Giving continuous, useful feedback is such an integral part of good teaching. I’m at a loss as to why it does not form a bigger part of the PGCE!
Many new teachers (myself included) struggle with how to give good feedback. Finding the time to do it, finding the motivation to give it and, of course, doing it effectively.
There are many different methods to give feedback and the best way to find YOUR best way is to experiment. Below are a two methods I frequently use, both of which can be pretty easily integrated into the teaching day. Please comment any ideas or methods you use which work well!
1. WWW and EBI
Whenever my students complete an assignment, I try to assess in the form of a “What Went Well’ (WWW) and ‘Even Better If’ (EBI).
When I first started giving this detailed feedback in books, I was amazed at the response! I think something about it really affects the students as they know I have truly taken the time to read what they have produced: I have noticed if they have listened and tried, however successfully, to put into practise what I have taught.
Depending on how much time you have, the WWW and EBI back can be one line or a whole paragraph. What’s important is that is precise and goal oriented.
A few more tips
- You can colour this feedback these, so students know that certain colours mean certain things. For example, purple is praise and green is for goals/ways to improve
- For a bigger project or for term target feedback, always try to give a detailed paragraph of feedback that is SMART (Specific, Measurable, Achievable, Realistic, Timely)
- Do it verbally! A really great way of giving feedback after an oral presentation is to immediately ask the class for some WWW’s and EBI’s. This has the added bonus of encouraging the class to listen more critically as they know they will need to give feedback afterwards. Any gaps can be filled in by the teacher at the end.
The WWW and EBI method is powerful because its its positive. Sometimes, all I give is a WWW! Just an acknowledgement is often constructive: Students are more likely to do something again if they are been validated and reassured that they did it right the first time.
Yes, doing this does take time…. a lot of time. But it also provides ample evidence for report writing. And more importantly, it is a useful way to spend time – unlike many silly admin tasks that unfortunately make up too much of our time as teachers.
2. Setting an Assignment/Subject Term Outcomes up for self assessment
This may not seem like giving feedback but it very useful in training students to self assess and take responsibility for their own learning.
It works by simply providing a checklist of things for students to tick off as they complete/after they complete a task. This obviously needs to be precise and linked to the specific outcomes of the task. A simple example, for writing a story:
You can also use this principle to help students track their progress through the learning outcomes for a particular subject. I find this easiest and most useful in the form of an ‘I can’ booklet or document where students can rate their knowledge of outcome as Red, Amber or green (RAG).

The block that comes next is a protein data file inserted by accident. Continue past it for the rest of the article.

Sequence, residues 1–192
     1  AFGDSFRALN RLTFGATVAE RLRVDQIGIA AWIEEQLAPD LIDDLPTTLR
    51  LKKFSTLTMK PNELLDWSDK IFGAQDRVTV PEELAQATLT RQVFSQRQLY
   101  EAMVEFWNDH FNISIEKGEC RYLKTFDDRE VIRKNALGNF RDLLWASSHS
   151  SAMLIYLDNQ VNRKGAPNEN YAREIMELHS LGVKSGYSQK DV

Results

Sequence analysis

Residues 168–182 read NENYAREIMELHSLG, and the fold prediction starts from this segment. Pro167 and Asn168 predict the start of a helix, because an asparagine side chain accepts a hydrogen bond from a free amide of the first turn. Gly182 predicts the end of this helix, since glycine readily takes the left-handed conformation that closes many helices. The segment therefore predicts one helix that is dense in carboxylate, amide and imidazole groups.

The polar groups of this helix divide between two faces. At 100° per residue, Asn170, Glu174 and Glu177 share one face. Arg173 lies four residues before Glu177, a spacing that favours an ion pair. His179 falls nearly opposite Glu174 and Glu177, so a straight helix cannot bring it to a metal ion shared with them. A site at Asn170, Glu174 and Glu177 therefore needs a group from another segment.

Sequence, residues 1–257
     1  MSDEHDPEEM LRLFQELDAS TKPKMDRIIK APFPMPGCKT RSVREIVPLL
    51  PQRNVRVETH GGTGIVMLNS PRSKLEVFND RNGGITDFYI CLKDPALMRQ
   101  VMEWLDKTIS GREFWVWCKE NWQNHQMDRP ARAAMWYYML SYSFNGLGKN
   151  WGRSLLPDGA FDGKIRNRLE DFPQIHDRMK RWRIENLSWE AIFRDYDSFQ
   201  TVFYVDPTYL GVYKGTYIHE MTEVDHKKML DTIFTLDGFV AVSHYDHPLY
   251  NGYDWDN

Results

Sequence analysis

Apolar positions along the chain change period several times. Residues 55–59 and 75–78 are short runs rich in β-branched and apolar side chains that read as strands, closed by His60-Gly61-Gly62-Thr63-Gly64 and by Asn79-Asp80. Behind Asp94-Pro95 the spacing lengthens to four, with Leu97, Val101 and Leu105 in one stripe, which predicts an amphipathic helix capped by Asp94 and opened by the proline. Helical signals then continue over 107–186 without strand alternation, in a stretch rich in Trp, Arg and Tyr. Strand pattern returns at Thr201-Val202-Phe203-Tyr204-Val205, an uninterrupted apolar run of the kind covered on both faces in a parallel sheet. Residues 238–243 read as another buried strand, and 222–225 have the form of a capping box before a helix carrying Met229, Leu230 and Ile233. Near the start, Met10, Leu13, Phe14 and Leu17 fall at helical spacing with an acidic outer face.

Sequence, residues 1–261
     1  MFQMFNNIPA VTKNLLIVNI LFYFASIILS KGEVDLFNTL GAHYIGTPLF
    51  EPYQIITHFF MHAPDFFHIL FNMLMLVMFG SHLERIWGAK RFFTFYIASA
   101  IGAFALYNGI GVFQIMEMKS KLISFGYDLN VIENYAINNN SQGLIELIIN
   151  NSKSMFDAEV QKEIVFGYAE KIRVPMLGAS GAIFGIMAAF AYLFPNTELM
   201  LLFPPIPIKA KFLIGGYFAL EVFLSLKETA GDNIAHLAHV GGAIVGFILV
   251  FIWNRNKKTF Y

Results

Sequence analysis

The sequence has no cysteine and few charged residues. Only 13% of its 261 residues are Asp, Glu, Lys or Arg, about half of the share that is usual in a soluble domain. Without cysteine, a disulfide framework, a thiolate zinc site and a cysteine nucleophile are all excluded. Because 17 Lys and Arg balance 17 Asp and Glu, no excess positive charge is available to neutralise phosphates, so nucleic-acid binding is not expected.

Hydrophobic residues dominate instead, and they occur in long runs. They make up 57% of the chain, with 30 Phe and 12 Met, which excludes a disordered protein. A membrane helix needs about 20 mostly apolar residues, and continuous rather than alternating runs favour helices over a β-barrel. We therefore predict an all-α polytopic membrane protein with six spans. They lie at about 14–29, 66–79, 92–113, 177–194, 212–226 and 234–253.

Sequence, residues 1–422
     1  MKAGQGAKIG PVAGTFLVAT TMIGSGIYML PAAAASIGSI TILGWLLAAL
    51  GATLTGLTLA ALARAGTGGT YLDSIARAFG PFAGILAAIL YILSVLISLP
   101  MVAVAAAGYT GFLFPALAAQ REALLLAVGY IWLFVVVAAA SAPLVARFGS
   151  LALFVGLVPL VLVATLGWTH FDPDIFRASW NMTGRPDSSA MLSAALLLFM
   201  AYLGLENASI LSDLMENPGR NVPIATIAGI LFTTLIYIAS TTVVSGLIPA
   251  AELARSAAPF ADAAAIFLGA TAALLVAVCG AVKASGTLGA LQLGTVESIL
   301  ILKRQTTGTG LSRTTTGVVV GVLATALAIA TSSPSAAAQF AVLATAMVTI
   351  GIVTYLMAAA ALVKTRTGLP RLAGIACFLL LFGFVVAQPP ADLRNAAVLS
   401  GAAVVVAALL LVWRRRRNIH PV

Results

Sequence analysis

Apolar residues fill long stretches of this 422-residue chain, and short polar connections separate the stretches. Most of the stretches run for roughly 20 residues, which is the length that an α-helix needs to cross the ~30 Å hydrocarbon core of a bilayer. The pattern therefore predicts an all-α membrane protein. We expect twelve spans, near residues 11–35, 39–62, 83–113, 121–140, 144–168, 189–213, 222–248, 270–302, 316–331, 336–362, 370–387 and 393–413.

I have created a booklet of ‘I cans’ for Year 7,8 and 9 Science that have been coupled with Revision tasks. You can purchase these from my TES shop here
Remember, feedback does not always have to be given by the teacher! More often than not, your students are capable of giving reasonable, good advice to their peers if they are given the chance. Get the students to swap books and assess each other’s work- Just make sure you assist the weaker students so everyone gets decent feedback.
Some final thoughts
I ran a little thought experiment this year as I was trying to figure out for myself the difference between ‘feedback’ and ‘marking’. Every time I assessed, I mentally examined the difference in my own feelings when examining an assignment for ‘marks’ and examining general classwork tasks.
I found I was instinctively a lot more objective and critical when it was just classwork. There is such a sense of pressure that builds up around tests and projects ‘for marks’ – stemming from parents, teachers and the students themselves. I care about the students and their sense of self worth and I want them to feel proud of themselves so I look for ‘marks’ wherever I can find them. In the process, I sacrifice an opportunity to show a student how they could improve at something.
This is what has motivated me to make a conscious effort to constantly think about ‘giving feedback’ rather than ‘marking’work. It has also motivated me to minimize formal assessment as far as possible in my teaching practise. Yes, a certain amount of standardised testing is needed for students to get qualifications. But, in the journey to get ready for this, there is no need to repeatedly put students under similar pressure. It will not make them any more ready and more importantly ,it will necessarily help give them skills that will make them more employable or entrepreneurial in the future
This is also why I advocate for school wide systemic change – there is something very wrong with a system which, in 2017, still tries to convince students that test scores are more important than being able to do something . As Sal Khan speaks on so beautifully below….